Lucky for me I had downloaded some of the trail maps on my IPad and with that I found my way to the 25 Fountains trail. To be clear there are dozens of trails, and if you aren’t set on one particular one, you can pretty much pull over anywhere and find a trail head. There is also a huge amount of tour groups that specialize in taking people to hike in the region, if you don't want to go it alone.
I had read a lot about the 25 fountains trail that would take me along the traditional Levadas or aqueducts that line much of the mountainside in Madeira.
To get to the trail, pass the plateau and look for a sign that says Rabacal. You can park here and then choose to ride the shuttle or walk to the Rabacal Guest house where the trail begins.
I chose to walk, not because I wanted to but I didn’t know there was a shuttle until it almost ran me over some ways down the road.
The walk is 1.8 km each way to the guest house, and keep in mind its uphill on the way back.
When you get to the beginning of the trail, you will continue downhill and down several flights of stairs before flattening out onto a leisurely trail. The Levadas are neat and really will blow your mind. They were built beginning in the 15th century after the island was colonized to run water from the mountain into the town and crops. When you think about people trying to build these perfectly sculpted aqueducts on the sides of a steep mountain with no machines it makes you cringe. Which is why, this work was dealt to slaves and criminals.
The trail itself goes on and on and eventually gets quite narrow as it winds back up into the mountains. I turned around after about 12 fountains. Begrudgedly thinking about the uphill I would face on the way back.
On the way back to civilization I took the road less traveled, a cobblestone road down the other side of the mountain to the town of Calhetta. Unbeknownst to me much of this area had recently burned and it was almost like the island was trying to hide it all from view. As I came down the road thick fog billowed up and over the road from the forest below. Giving off an eerie but magnificent site; you could almost stumble into the clouds and disappear.
After my long day of hiking and exploring I checked into the Galo Resort. A grouping of three hotels all with their own specialties like Ayurvedic healing, scuba diving or luxury. The best part, is their commitment to the environment. Located on the Cliffside above the Garajua Marine reserve; Galo Resort has solar panels that create most of their electricity. They encourage experiencing nature and staying in shape, as well as helping the local community.
I was lucky enough to be able to stay in their glamping hut. A one of a kind bungalow situated on a deck on the edge of the ocean. With no electricity it was to be a quiet night gazing at the stars and listening to the sounds of the ocean. After an amazing dinner at their restaurant Atlantis which consisted of traditional Espada (fried fish with banana and passionfruit) yucca fries and salad I headed to my hut for some champagne under the moonlight. The hut is located on the bottom of the cliff that the hotel sits on top of, on its own slab of dock with private swim ladder and sun deck. It has three walls and the front is open to the sea with curtains for privacy. This goes for the toilet as well, so if you want to do your business while watching the sun rise, go for it.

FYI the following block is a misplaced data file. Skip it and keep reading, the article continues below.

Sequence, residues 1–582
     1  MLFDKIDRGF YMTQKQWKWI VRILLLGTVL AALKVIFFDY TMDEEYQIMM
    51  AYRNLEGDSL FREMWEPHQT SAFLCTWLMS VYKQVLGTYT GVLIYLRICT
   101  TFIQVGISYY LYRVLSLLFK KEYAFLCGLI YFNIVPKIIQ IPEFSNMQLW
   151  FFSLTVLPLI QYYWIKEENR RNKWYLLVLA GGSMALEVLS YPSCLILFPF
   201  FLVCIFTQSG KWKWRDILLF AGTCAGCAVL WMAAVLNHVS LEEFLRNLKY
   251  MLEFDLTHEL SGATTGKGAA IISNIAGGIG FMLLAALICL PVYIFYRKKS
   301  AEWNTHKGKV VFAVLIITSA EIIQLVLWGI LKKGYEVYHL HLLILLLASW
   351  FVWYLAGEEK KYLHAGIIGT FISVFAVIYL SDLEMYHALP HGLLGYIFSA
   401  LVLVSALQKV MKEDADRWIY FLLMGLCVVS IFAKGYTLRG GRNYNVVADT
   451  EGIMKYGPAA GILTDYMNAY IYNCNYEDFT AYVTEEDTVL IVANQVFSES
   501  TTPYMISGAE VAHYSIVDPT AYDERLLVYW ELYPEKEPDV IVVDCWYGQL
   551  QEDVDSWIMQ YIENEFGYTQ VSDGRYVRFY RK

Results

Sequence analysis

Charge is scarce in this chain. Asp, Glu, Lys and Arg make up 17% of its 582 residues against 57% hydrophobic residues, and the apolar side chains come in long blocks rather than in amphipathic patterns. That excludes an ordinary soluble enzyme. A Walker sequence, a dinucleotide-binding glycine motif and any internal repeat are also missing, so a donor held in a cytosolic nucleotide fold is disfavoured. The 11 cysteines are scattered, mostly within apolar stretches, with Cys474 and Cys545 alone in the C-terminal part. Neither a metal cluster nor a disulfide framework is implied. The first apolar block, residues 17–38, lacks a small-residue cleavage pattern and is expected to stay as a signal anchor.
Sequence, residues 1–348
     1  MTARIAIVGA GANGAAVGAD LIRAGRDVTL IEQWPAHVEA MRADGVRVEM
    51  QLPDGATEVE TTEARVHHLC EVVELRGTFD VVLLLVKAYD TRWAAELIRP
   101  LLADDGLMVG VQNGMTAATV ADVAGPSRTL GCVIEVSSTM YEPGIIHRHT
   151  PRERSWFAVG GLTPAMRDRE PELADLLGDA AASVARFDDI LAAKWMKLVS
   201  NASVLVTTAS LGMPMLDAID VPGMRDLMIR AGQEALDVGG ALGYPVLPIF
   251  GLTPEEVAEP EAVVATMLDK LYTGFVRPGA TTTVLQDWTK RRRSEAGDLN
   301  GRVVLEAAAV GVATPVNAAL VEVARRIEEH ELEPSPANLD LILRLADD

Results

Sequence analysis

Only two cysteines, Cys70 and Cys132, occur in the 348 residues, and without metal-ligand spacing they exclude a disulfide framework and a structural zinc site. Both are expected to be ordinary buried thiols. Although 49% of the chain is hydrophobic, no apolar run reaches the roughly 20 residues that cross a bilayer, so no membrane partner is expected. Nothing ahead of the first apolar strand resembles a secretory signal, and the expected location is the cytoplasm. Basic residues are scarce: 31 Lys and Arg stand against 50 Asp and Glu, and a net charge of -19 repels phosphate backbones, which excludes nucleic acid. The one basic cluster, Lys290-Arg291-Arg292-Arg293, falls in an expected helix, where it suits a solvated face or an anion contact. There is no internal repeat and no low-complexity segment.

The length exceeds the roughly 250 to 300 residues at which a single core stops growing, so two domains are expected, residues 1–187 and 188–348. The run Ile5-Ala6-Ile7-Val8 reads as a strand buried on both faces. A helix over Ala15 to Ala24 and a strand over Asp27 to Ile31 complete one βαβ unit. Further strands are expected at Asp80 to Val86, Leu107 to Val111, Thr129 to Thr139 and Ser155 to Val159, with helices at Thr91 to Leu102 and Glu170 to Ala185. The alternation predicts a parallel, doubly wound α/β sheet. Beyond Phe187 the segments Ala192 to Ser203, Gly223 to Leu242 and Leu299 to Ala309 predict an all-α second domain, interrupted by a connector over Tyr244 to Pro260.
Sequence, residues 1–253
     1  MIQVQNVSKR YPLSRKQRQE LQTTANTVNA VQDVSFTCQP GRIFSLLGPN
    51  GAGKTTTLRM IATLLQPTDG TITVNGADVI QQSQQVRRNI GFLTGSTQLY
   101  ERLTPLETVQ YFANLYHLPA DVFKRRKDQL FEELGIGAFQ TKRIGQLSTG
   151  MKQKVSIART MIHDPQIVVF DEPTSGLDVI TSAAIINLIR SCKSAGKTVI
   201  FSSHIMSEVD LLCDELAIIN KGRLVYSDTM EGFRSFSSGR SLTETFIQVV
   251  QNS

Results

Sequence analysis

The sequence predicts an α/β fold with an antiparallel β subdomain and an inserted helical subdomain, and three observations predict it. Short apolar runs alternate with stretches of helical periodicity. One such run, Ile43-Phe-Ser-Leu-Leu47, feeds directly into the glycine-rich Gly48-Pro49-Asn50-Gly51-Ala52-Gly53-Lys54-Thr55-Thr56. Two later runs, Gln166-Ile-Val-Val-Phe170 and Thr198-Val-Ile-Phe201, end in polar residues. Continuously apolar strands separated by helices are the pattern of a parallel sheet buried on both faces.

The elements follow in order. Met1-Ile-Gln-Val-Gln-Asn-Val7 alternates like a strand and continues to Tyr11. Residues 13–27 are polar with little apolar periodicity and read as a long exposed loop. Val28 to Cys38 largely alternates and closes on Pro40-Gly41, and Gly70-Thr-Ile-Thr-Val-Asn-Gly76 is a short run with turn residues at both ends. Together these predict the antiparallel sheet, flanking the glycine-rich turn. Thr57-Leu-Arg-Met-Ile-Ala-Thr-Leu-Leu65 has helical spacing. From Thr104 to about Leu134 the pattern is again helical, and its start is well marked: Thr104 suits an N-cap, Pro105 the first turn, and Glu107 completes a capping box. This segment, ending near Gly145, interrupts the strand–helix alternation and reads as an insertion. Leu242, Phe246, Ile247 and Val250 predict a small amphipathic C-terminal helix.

Staying in the glamping hut was one of the best experiences I have ever had. When I woke in the morning to the sun rising in front of me, the happiness I felt from being surrounded by such beauty was indescribable. The hotel served me breakfast out in front of my hut at the oceans edge. I took turns enjoying coffee and the sea, as I took advantage of my private swimming deck and the warm waters of the Atlantic.
My second day in Madeira would be short, as that afternoon I was to fly to the Azores. I spent the late morning and early afternoon exploring the city of Funchal. Taking a ride on the cable car and traveling back down the hill on a toboggan.
In the early 1900’s people living on Madeira began traveling down the steep hills on toboggans driven by local men. These men wore shoes with rubber soles similar to tires and steered the people down the streets. These traditional sleds are still used today. It was pretty exhilarating sledding down paved streets, passing cars and zipping by private homes. After a quick snack of the local street food; roasted chestnuts, it was time to head back to the airport.
I had managed to snag a flight to Sao Miguel, Azores on Azores Airlines for less than $100. Unfortunately, this flight pattern is not offered every day, so make sure you plan ahead if you are trying to island hop. In the off season which begins October 1st less flights are offered between the islands and the mainland. Which means you may need more time if you are trying to fit a lot in.